Remembering Hazel on the Humber

Torontoist

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Remembering Hazel on the Humber

On the anniversary of Hurricane Hazel, a walk along the Humber highlighted the storm's lingering effects.

Front page, the Telegram, October 16, 1954.

To those living along the Humber River, the heavy rainfall predicted for October 15, 1954, wasn’t cause for alarm. It had been a rainy month, so what difference would another storm make? But Hurricane Hazel‘s impact was anything but normal. As the storm dumped more than seven inches of rain on Metropolitan Toronto, the Humber rose until it crested at a height of 21 feet. The strong currents of the swollen river, combined with driving rain and heavy wind, destroyed homes that were foolishly built near its banks. When the debris was cleared, the toll was high: $100 million in damage, streets permanently washed away, and 81 people dead.

As journalist Betty Kennedy once observed, “Hazel was not one story. It was a thousand stories to be told in the mosaic of hundreds of events and incidents over a broad Ontario landscape.” Some of those stories came to light on a guided walk along a section of the Humber on Sunday organized by urban forest advocacy group LEAF. Approximately 30 people observed the lingering impact of the storm on its 57th anniversary with the guidance of LEAF’s Amanda Gomm, Gaspar Horvath of the Black Creek Conservation Project of Toronto, and Madeleine McDowell of the Humber Heritage Committee.

Part of the retaining wall built along the Humber River below Baby Point. Photo by Jamie Bradburn/Torontoist.

The walk began below the Old Mill Bridge, which survived the storm, though its approaches were washed away. The river was dotted with fishermen hoping to catch an Atlantic salmon or two. Among the groups that reintroduced that species to the Humber earlier this year is the Toronto and Region Conservation Authority (TRCA), an organization that is one of the storm’s greatest legacies. The death and destruction caused when homes recently built along the banks of the Humber were swept away during the hurricane caused local officials to rethink any development along the region’s ravines and waterways. The result was the protection of areas we now enjoy as parks and trails and the consolidation of several small conservation bodies into the TRCA.

Trees that survived Hurricane Hazel later ran into other catastrophes. Horvath brought the group to an open mound where a 200-year-old elm tree, which McDowell demonstrated three people could hug the base of, once stood. Though the tree withstood the force of the hurricane, it fell victim to the Dutch Elm disease that attacked the region during the 1960s. Several stops along the route showed the reforestation efforts of the past half-century, including Manitoba Maples that can sprout anywhere and a skinny Northern Red Oak that has persevered in regenerating its trunk each year despite being buried under ice and snow in winter.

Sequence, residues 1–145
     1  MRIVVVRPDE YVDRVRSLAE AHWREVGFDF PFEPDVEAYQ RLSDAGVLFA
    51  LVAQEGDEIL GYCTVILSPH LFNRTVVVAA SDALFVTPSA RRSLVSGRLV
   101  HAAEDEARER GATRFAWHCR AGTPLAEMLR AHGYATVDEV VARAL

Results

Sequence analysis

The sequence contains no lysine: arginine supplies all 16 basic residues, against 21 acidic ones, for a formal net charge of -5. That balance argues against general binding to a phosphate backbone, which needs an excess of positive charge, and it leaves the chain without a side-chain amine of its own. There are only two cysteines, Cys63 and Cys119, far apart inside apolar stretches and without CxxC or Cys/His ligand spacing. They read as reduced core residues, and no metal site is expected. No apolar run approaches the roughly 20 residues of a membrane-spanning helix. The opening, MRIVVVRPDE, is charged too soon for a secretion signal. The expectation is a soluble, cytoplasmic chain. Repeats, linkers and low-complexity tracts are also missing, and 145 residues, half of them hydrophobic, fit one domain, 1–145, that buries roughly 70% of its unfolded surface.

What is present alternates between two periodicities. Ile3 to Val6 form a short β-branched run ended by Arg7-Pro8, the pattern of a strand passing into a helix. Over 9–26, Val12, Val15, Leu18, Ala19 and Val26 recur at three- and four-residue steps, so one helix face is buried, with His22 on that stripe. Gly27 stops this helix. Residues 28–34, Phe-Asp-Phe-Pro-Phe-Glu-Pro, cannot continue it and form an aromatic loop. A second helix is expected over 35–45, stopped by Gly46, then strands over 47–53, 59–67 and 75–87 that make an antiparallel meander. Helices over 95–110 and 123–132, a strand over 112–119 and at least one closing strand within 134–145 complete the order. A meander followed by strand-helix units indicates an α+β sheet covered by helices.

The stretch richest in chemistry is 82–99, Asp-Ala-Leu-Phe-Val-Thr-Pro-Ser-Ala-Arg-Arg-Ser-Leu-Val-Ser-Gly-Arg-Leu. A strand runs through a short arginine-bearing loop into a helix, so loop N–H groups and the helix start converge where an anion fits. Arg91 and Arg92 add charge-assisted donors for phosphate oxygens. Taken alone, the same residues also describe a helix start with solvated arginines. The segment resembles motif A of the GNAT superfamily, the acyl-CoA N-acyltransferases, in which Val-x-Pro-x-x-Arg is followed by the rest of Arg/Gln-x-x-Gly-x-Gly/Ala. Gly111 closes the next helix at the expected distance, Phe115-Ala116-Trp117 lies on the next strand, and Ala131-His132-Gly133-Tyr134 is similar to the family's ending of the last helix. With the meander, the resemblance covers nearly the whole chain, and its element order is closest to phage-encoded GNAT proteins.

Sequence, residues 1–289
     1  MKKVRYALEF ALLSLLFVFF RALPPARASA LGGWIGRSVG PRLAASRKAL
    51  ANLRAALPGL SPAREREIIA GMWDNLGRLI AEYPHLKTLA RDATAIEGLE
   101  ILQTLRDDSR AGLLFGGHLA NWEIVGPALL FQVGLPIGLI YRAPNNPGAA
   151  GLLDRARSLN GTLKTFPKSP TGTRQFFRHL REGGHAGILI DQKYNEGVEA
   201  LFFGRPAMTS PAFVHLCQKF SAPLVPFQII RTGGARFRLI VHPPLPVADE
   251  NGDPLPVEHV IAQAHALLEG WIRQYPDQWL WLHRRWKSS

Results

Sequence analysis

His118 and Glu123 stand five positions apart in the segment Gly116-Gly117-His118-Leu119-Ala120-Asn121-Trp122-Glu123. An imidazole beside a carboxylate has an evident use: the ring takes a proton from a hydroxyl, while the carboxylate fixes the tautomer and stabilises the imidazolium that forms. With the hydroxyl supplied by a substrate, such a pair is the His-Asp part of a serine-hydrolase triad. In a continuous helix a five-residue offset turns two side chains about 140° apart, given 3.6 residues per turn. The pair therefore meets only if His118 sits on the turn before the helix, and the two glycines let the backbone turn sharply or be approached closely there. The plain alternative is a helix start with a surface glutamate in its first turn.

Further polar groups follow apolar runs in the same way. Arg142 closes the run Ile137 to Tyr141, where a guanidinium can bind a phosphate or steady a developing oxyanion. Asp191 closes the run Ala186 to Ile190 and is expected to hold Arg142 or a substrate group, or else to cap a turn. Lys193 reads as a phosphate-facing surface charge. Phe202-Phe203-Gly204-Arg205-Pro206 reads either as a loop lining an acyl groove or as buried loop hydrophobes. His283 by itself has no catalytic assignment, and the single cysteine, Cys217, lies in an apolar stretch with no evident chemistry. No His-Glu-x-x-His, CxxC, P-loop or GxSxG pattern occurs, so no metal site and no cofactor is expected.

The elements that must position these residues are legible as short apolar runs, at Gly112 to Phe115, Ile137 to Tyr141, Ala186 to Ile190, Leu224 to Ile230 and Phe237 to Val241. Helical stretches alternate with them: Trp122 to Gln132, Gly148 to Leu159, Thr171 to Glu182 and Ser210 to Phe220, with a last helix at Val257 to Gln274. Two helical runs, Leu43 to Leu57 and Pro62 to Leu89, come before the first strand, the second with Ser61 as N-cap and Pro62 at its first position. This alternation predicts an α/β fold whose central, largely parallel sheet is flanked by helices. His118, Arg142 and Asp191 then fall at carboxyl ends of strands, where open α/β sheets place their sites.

McDowell stopped near the site where five Etobicoke firemen lost their lives during the storm to point out how high the water rose. After a day filled with calls about flooded basements that were referred to the local works department, a truck was dispatched to assist a car stalled by the river. The eight-man crew was followed by another fireman, whose car was smashed into the fire truck by the rising water. As the road washed out and the water continued to rise, three of the firemen clung to the truck and tried to throw ropes out to their colleagues in a failed attempt to rescue them. The truck was found days later downstream by the Old Mill Bridge—though its radio was still functional, the ladders had torn off and the engine hood was crushed in. A quarter of a century later, a fossil hunt uncovered one of the firemen’s axes. Later on in the walk, McDowell pointed out a stone retaining wall built under Baby Point to help control the flow of the river in case of future Hazel-like storms.

Gaspar Horvath of the Black Creek Conservation Project shows the walkers narrow tree rings that may be a legacy of Hurricane Hazel. Photo by Jamie Bradburn/Torontoist.

As the journey neared its end, the group entered the woods near the entrance of Magwood Park to look at the remnant of a recently cut oak tree whose rings were visible. Horvath had examined the rings and noticed those that grew within a few years of the hurricane were narrower than normal. Though he couldn’t conclusively prove the tree’s growth struggles during that period were due to the effects of the storm, the timing is too close to rule out the possibility.

Seeing the long-range effects of a catastrophic storm on the landscape during the walk made us ponder what might happen if a storm on the scale of Hurricane Hazel struck modern Toronto. While efforts to curb development along sensitive areas and control the flow of waterways would prevent a repeat of some of the damage wrought in 1954, we suspect we’d see local media dominated by images of sinking roads, collapsed bridges, and cars washing off the Don Valley Parkway.

Additional material from Hurricane Hazel by Betty Kennedy (Toronto: Macmillan, 1979).

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